Michal: The idea of introducing cubbies into the interiors came from the assumption of preserving the original ceilings and stucco. We built the final space plan, which included using the existing division of the apartment - preserving the original rooms and "uncluttering" the space - separating the bathroom and kitchen in such a way that we did not put up walls high to the ceiling. The answer became a "furniture" inserted in the corner of the room, which received the form of a simple cubicle. It is at the same time a bathroom, a walk-in closet, a storage room and goes into the kitchen built-in. We wanted to keep this element as simple as possible, so that it complements the interior and what captivated us about it.

aksonometrie kubików M1, M2 i M3

axonometries of cubbies M1, M2 and M3

© Studio FIKUS

We wanted to give the cubicle a total treatment in terms of color, but also to make it stand out from the color scheme of the other walls, which were mostly painted white. Hence the idea for a vivid color, which would give the interior an individual character, but also emphasize that it is a new element inserted into an old interior. The choice of the final color scheme was supported by a number of on-site tests and was de facto determined during the course of implementation, especially in apartments M1 and M3.

mieszkanie M1 mieszkanie M4

left: apartment M1; right: apartment M4

Photo: Maja Musznicka | Shine Studio

In M1, the green color is complemented by a large-format, nameless painting, which we discovered after the contractor removed the old plasterwork - no one expected it, but we liked the effect very much and decided that it was worth leaving such a wall as a decorative, original structure that is not pretended. Its yellowish tones blend with the ceiling, which after cleaning received a warm color.

zielony kubik
w mieszkaniu M1 uzupełnia żółtawą, dekoracyjną ścianę

The green cubicle in the M1 apartment complements the yellowish decorative wall

Photo: Maja Musznicka | Shine Studio

In M2 the graphite color - as a contrast to the light planes of the walls and the original ceiling in warm colors and the yellow sofa.

kawalerka M2 żółta kanapa i szafa z grafitową zasłoną w kawalerce M2

Graphite cubic in M2 apartment and yellow sofa.

Photo: Maja Musznicka | Shine Studio

In M3, on the other hand, we matched the blue color with the colors of the restored wooden floor laid in a fine herringbone pattern.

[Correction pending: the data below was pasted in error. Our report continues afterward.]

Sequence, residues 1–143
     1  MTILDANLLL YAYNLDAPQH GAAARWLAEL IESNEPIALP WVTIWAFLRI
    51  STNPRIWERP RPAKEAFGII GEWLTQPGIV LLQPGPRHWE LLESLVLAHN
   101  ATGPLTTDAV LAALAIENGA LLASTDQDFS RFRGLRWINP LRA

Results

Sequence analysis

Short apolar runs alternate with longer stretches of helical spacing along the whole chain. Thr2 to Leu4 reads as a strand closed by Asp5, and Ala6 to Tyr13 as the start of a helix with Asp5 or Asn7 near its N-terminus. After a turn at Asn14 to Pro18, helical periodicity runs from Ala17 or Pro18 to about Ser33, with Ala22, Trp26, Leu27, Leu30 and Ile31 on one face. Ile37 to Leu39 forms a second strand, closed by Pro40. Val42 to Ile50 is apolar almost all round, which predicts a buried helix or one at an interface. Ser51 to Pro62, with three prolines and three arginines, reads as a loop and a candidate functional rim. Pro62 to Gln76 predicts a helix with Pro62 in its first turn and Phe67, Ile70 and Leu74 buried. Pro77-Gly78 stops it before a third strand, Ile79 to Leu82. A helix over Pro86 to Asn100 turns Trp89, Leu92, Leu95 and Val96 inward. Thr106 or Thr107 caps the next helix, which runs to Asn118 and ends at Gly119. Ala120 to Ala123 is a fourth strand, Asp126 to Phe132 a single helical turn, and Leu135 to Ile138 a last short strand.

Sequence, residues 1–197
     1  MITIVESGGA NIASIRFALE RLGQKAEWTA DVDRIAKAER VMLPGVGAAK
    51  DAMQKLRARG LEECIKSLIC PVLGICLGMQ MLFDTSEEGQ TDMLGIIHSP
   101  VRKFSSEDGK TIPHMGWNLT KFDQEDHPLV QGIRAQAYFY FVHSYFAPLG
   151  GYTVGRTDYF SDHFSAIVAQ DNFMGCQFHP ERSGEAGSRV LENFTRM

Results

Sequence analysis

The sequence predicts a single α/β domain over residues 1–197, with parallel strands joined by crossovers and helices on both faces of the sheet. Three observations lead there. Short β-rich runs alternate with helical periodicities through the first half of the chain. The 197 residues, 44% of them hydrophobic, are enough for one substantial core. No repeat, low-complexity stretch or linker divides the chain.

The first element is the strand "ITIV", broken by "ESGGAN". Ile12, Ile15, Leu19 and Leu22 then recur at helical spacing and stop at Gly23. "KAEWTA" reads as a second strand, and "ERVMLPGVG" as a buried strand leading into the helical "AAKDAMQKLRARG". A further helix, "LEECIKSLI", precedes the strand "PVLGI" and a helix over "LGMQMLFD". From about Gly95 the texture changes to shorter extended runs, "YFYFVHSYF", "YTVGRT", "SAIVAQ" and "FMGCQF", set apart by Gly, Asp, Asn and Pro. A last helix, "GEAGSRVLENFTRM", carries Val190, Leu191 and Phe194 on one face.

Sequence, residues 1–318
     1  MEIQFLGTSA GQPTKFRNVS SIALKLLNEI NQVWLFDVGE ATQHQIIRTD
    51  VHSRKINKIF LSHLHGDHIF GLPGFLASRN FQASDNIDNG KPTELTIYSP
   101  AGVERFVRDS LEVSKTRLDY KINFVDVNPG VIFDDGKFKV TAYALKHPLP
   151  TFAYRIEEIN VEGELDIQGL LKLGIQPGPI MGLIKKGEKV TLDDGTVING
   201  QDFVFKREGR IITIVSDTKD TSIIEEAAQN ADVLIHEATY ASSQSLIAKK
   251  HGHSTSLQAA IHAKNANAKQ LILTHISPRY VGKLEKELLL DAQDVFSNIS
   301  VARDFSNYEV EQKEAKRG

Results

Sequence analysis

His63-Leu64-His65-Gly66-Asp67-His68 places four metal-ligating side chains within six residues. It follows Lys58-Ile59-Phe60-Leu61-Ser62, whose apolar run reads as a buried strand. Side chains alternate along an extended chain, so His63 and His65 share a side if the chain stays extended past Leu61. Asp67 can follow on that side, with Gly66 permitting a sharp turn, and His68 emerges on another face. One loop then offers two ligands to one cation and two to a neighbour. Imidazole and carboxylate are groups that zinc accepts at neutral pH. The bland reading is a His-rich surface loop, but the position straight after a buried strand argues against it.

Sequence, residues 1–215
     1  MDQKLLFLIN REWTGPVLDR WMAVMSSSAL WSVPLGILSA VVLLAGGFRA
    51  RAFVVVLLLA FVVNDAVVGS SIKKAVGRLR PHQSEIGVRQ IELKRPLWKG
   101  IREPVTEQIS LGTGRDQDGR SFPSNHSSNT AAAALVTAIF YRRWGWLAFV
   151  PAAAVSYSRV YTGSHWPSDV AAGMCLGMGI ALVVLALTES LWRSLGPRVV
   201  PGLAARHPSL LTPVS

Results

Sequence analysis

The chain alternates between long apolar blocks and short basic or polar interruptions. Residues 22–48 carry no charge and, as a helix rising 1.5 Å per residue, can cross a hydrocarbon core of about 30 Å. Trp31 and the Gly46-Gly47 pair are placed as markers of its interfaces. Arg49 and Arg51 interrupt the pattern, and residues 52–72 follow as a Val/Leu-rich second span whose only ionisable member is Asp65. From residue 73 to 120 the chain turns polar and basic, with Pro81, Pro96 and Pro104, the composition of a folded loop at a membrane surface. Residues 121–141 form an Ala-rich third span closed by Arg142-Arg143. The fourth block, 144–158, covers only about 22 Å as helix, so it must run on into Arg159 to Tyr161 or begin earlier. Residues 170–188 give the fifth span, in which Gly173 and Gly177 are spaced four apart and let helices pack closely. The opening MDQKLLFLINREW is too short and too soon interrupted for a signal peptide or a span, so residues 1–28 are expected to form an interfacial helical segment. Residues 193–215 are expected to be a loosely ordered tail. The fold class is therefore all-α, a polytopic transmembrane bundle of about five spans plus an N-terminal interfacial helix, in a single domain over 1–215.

mieszkanie M3
z niebieskim kubikiem

M3 apartment with blue cube

Photo: Maja Musznicka | Shine Studio

In M4 we opted for a raspberry color juxtaposed with very light planes of the floor, walls and decorative ceiling.

sztukaterie w mieszkaniu M4 łazienka w M4

Cubicle and sofa in raspberry color in M4 studio.

Photo: Maja Musznicka | Shine Studio

Ola: What was the most difficult part of the project, and what are you most satisfied with?

Michal: Satisfying and encouraging at the same time is the fact that we managed to convince the Investor of the idea and realize it. This idea was the preservation of the old, original elements and the layout of the space, going inside from the old staircase, we wanted to feel that we were still in the tenement. The multifunctional, simple cubicle with a strong color is a natural consequence of this idea, it is supposed to emphasize it by contrast, and this, in my opinion, was achieved. Invaluable in all this was the confidence of the Investor and the goodwill of the contractor.

Paradoxically, the choice of furniture - sofas, chairs, lighting - turned out to be quite difficult; how to choose budget furnishings to be a graceful complement to what constitutes the character of the interior: stucco, exposed ceilings, decorative walls or colorful cubbies. We spent a considerable amount of time on this phase of the project, ultimately choosing versatile pieces, known at least from the IKEA brand.

żółta kanapa
i biurko w kawalerce M2

A yellow sofa and desk in an M2 studio apartment

Photo: Maja Musznicka | Shine Studio

We designed several pieces of furniture individually, using simple solutions and economical materials - for example, the desks in apartments M2 and M3 are built from steel frames with a top made of HPL board. A considerable challenge was to organize a closet - a closet for clothes. Partially this function is performed by a cubicle, but its capacity is limited, so a solution had to be found to store more things. It could not be a traditional deep closet, because its large volume would clutter the space, so we proposed open shelving units hung on the walls and covered with a curtain, which in itself is soft and decorative - it creates a sculptural plane. To hang it without interfering heavily with the ceiling, we designed brackets made of steel pipe. We used such a solution in studios M2 and M4.

otwarte regały
zawieszane na ścianach i zasłaniane kotarą pełnią funkcję szafy

Open shelves hung on the walls and covered with a curtain act as a closet

Photo: Maja Musznicka | Shine Studio

Ola Kloc